Book Image

JavaScript Cloud Native Development Cookbook

By : John Gilbert
Book Image

JavaScript Cloud Native Development Cookbook

By: John Gilbert

Overview of this book

Cloud-native development is a modern approach to building and running applications that leverages the merits of the cloud computing model. With cloud-native development, teams can deliver faster and in a more lean and agile manner as compared to traditional approaches. This recipe-based guide provides quick solutions for your cloud-native applications. Beginning with a brief introduction, JavaScript Cloud-Native Development Cookbook guides you in building and deploying serverless, event-driven, cloud-native microservices on AWS with Node.js. You'll then move on to the fundamental patterns of developing autonomous cloud-native services and understand the tools and techniques involved in creating globally scalable, highly available, and resilient cloud-native applications. The book also covers multi-regional deployments and leveraging the edge of the cloud to maximize responsiveness, resilience, and elasticity. In the latter chapters you'll explore techniques for building fully automated, continuous deployment pipelines and gain insights into polyglot cloud-native development on popular cloud platforms such as Azure and Google Cloud Platform (GCP). By the end of the book, you'll be able to apply these skills to build powerful cloud-native solutions.
Table of Contents (13 chapters)

Creating an event stream and publishing an event

Cloud-native services are autonomous. Each service is completely self-sufficient and runs in isolation to minimize the blast radius when any given service experiences a failure. To achieve this isolation, bulkheads must be established between the services. Event streaming is one mechanism that is used to create these bulkheads. Autonomous cloud-native services perform all inter-service communication asynchronously via streams to decouple upstream services from downstream services. In Chapter 2, Applying The Event Sourcing and CQRS Patterns, we will dive deeper into how we create bounded, isolated, and autonomous cloud-native services. This recipe creates the event stream that we will use throughout this cookbook and provides a function for publishing events to the stream.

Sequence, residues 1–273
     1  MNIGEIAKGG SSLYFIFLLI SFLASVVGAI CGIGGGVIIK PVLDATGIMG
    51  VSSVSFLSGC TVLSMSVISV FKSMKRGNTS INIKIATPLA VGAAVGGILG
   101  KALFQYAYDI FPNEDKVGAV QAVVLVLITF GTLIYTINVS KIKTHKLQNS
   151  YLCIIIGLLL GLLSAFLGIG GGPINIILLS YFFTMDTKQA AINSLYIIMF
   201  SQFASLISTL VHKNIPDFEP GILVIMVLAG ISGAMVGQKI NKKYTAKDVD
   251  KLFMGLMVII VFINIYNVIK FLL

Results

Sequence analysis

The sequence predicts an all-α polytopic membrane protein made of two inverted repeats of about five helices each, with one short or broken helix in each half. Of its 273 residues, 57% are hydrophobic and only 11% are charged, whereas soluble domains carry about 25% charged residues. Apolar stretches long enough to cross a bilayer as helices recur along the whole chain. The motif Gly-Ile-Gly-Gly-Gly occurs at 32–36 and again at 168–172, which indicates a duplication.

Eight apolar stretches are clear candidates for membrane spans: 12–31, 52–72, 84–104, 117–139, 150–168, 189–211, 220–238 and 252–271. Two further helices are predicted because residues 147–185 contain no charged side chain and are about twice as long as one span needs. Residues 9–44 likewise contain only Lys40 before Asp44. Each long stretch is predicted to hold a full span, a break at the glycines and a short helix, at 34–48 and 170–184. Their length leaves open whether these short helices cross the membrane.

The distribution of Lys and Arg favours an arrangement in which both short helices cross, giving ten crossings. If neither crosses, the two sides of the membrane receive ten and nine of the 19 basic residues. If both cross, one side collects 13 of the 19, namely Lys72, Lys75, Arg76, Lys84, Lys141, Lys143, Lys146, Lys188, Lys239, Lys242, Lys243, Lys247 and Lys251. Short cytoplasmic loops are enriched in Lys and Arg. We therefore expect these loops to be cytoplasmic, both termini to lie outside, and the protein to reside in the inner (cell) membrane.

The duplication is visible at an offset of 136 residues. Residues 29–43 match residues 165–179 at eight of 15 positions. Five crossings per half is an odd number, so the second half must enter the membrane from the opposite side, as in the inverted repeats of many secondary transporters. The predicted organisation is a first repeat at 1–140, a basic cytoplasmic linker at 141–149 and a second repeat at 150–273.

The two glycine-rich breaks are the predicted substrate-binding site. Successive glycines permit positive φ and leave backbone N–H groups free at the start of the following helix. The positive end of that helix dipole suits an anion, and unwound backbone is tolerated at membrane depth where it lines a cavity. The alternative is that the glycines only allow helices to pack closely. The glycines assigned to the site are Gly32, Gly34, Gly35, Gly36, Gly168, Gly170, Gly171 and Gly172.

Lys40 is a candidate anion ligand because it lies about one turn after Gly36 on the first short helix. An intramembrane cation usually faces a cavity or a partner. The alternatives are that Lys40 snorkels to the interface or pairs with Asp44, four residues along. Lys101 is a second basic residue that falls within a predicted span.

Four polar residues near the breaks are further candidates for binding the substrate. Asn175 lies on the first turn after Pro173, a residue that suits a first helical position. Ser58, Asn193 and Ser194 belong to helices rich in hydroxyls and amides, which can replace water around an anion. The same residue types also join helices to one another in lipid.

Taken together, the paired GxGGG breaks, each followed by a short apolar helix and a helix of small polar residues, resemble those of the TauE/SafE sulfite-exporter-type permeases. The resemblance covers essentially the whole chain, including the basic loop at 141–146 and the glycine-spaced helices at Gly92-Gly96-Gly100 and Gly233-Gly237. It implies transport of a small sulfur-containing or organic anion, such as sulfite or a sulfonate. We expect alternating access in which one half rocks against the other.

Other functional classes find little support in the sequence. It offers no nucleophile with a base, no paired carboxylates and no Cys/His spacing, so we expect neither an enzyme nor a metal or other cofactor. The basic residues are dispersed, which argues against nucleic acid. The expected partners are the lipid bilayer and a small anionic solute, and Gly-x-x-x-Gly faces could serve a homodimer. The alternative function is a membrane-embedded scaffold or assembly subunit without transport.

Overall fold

How to do it...

  1. Create the project from the following template:
$ sls create --template-url --path cncb-event-stream
  1. Navigate to the cncb-event-stream directory with cd cncb-event-stream.
  2. Review the file named serverless.yml with the following content:
service: cncb-event-stream

name: aws
runtime: nodejs8.10
- Effect: Allow
- kinesis:PutRecord
Fn::GetAtt: [ Stream, Arn ]

handler: handler.publish
Ref: Stream

Type: AWS::Kinesis::Stream
Name: ${opt:stage}-${self:service}-s1
RetentionPeriodHours: 24
ShardCount: 1

Ref: Stream
Fn::GetAtt: [ Stream, Arn ]
  1. Review the file named handler.js with the following content:
const aws = require('aws-sdk');
const uuid = require('uuid');

module.exports.publish = (event, context, callback) => {
const e = {
id: uuid.v1(),
partitionKey: event.partitionKey || uuid.v4(),
tags: {
region: process.env.AWS_REGION,

const params = {
StreamName: process.env.STREAM_NAME,
PartitionKey: e.partitionKey,
Data: Buffer.from(JSON.stringify(e)),

const kinesis = new aws.Kinesis();

  kinesis.putRecord(params, callback);
  1. Install the dependencies with npm install.
  2. Run the tests with npm test.
  3. Review the contents generated in the .serverless directory.
  4. Deploy the stack:
$ npm run dp:lcl -- -s $MY_STAGE

> [email protected] dp:lcl <path-to-your-workspace>/cncb-create-stream
> sls deploy -v -r us-east-1 "-s" "john"

Serverless: Packaging service...
Serverless: Stack update finished...
Service Information
service: cncb-event-stream
stage: john
region: us-east-1
stack: cncb-event-stream-john
publish: cncb-event-stream-john-publish

Stack Outputs
PublishLambdaFunctionQualifiedArn: arn:aws:lambda:us-east-1:999999999999:function:cncb-event-stream-john-publish:3
streamArn: arn:aws:kinesis:us-east-1:999999999999:stream/john-cncb-event-stream-s1
streamName: john-cncb-event-stream-s1
  1. Review the stack, stream, and function in the AWS Console.
  2. Invoke the function with the following command:
$ sls invoke -r us-east-1 -f publish -s $MY_STAGE -d '{"type":"thing-created"}'
"ShardId": "shardId-000000000000",
"SequenceNumber": "49582906351415672136958521359460531895314381358803976194"
  1. Take a look at the logs: